delivered the opinion of the court:
After a bench trial in the criminal court of Cook County, the defendant, Mose Hightower, was convicted of unlawfully possessing and selling narcotic drugs and was sentenced to the penitentiary for a term of not less than twenty nor more than thirty years. He prosecutes this writ of error for review contending that certain money used as evidence was seized in violation of his constitutional rights, and that he was not proved guilty beyond reasonable doubt.
Facts pertinent to defendant’s contentions, as developed both at a hearing to suppress the money as evidence and at the subsequent trial, show that on May 19, 1959, Federal narcotics agents Edmund Irvin and Theodore Heisig proposed to Herbert Fohrman, described as a special employee, that he attempt a purchase of narcotics from the occupants of a building at 736 E. 37th Street in Chicago. Fohrman went to the building the same day and was told by Frank Duncan, whom he found there, that he should return the next day at which time Duncan expected to obtain a new supply of heroin from “Cotton,” an admitted nickname of defendant. The following morning, about 11 :oo A.M., Fohrman was first searched by the agents, then furnished with $55 in currency, the serial numbers of which were recorded. He then returned to the building, arriving about 11:45 A.M., and as he did so his' movements weré kept under surveillance by agents operating from two cars:
Fohrman was admitted to the building by a woman named Lolita Mallory, and Duncan was seen to enter the building a few minutes later. Within a short time, Fohrman left the building and went to the car of one of the agents where he asked for and was given an additional $15 *364in currency. He was again searched on this occasion and the serial numbers on these bills were also recorded. Upon his return to the building he gave all of the currency to Duncan and the latter gave it to Lolita Mallory, who left and returned after three hours with a packet of powder that was given to Fohrman. The packet was delivered immediately by Fohrman to the waiting agents and after a field test of its contents showed it to be heroin, Duncan and Mallory were arrested forthwith. They were taken to the Federal narcotics bureau and interrogated. As the result of the information obtained, the agents went to defendant’s apartment at 7919 S. Champlain Street, sometime between 1 :oo A.M. and 3:00 A.M. on May 21st, and arrested defendant after informing him that the charge was selling narcotics. Defendant admitted the agents to his apartment and in an enusing search of the premises they found on a bedroom dresser a sum of money which included five one-dollar bills and one five-dollar bill bearing serial numbers corresponding with currency that had been furnished to Fohrman. Defendant’s motion to suppress this money as evidence was denied, and it is his initial contention that its seizure without authority of a warrant was in violation of his constitution! rights.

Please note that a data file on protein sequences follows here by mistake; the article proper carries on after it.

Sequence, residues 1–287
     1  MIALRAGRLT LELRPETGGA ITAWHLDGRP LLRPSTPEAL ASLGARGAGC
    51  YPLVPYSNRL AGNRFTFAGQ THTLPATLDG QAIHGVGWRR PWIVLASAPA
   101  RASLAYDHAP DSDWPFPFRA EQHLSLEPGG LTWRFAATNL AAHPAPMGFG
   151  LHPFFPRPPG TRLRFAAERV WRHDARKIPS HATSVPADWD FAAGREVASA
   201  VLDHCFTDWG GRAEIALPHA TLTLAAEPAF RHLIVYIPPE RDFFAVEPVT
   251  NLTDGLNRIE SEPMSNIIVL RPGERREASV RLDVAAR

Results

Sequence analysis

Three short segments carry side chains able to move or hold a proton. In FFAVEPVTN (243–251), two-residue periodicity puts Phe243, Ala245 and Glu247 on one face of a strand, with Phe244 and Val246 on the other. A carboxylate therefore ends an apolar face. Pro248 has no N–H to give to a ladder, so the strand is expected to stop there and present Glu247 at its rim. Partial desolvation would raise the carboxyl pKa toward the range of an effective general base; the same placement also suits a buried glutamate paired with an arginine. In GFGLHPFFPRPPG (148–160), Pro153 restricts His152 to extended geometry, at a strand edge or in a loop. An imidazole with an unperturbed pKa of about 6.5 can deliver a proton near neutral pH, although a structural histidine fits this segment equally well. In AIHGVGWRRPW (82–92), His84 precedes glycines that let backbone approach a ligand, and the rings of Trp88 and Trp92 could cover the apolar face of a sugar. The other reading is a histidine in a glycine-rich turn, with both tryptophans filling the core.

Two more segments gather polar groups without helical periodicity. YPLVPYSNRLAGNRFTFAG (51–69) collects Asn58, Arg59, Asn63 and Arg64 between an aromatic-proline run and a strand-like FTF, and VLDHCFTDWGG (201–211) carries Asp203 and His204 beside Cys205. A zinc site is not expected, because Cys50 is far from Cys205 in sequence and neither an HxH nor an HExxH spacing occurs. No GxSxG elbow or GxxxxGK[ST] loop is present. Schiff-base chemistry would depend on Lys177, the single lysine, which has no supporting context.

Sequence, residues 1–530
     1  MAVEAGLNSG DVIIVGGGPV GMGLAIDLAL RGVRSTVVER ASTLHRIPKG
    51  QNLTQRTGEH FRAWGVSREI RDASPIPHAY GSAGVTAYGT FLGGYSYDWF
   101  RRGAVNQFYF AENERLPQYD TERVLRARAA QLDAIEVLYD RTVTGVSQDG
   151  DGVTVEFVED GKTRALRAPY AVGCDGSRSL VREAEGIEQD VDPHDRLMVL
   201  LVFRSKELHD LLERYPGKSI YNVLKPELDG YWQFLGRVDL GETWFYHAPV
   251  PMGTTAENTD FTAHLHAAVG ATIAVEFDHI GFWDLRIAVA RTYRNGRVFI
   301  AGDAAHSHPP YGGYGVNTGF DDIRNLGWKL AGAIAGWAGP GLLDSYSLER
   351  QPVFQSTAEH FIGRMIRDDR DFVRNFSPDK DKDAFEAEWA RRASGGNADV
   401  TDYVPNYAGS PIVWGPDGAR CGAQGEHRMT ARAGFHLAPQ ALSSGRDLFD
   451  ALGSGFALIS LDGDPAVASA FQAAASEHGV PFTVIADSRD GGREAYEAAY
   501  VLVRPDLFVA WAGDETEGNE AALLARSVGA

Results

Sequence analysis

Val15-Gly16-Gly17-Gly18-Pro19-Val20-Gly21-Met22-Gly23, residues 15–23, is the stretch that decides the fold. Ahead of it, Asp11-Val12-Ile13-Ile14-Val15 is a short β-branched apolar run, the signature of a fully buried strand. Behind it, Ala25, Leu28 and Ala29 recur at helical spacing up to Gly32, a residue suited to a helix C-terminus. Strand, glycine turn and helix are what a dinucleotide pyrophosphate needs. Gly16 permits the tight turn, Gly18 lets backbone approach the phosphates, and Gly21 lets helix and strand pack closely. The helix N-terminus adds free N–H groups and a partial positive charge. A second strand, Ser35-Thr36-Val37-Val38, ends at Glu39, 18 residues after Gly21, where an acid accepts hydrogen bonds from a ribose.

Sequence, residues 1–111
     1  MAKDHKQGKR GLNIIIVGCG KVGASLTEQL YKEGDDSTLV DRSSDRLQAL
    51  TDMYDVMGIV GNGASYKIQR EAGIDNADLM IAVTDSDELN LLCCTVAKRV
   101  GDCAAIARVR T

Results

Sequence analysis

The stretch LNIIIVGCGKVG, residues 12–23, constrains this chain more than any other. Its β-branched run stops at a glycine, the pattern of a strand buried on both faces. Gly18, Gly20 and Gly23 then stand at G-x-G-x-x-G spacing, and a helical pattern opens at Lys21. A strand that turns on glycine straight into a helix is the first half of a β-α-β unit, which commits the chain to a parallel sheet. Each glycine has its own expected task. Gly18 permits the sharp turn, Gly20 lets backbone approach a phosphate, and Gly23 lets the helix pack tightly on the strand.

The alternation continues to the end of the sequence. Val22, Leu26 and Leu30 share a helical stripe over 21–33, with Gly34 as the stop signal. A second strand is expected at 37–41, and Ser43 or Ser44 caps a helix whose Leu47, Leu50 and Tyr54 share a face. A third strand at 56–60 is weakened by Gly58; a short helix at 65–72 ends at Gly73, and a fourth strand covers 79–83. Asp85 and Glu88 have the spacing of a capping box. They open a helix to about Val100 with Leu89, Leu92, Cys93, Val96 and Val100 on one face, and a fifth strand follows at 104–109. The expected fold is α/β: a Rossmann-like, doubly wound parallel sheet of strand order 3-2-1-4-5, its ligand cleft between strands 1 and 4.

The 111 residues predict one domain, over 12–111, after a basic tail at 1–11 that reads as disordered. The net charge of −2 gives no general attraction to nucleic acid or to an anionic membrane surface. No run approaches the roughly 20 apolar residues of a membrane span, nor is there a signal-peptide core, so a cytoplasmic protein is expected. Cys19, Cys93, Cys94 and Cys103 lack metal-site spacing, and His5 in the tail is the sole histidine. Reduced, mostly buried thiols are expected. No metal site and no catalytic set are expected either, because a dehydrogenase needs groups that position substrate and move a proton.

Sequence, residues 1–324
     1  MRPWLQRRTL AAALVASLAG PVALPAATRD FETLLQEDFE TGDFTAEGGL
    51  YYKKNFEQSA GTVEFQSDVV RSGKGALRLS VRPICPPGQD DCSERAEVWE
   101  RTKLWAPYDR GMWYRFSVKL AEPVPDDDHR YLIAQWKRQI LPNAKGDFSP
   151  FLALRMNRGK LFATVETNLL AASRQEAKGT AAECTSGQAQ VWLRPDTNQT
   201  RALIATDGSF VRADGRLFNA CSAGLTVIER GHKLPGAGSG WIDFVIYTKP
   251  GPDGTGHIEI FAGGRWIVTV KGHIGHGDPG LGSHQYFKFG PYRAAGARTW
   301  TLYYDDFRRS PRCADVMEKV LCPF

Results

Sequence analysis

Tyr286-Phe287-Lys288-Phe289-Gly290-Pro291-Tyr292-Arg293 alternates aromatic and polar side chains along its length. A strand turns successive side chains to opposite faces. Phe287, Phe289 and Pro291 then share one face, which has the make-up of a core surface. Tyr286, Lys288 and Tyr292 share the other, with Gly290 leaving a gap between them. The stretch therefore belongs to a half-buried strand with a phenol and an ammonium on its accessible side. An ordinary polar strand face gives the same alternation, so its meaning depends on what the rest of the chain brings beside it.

At the hearing on the motion to suppress, it was admitted that the agents had neither a warrant for defendant’s arrest, nor a warrant to search his premises. It was the testimony of Heisig, however, that prior to the time of defendant’s arrest, Duncan had given the officers information that defendant was his source of supply, and that he had instructed Lolita Mallory to obtain the heroin here involved from defendant. In addition, Duncan furnished the agent with the telephone number of his supplier, viz., Triangle 4-3289, a number found to be listed in the name of James Kell, 7919 S. Champlain Street, Chicago, and a check of the bureau’s records divulged information that *365defendant was known to be living at such address under the name of James Kell.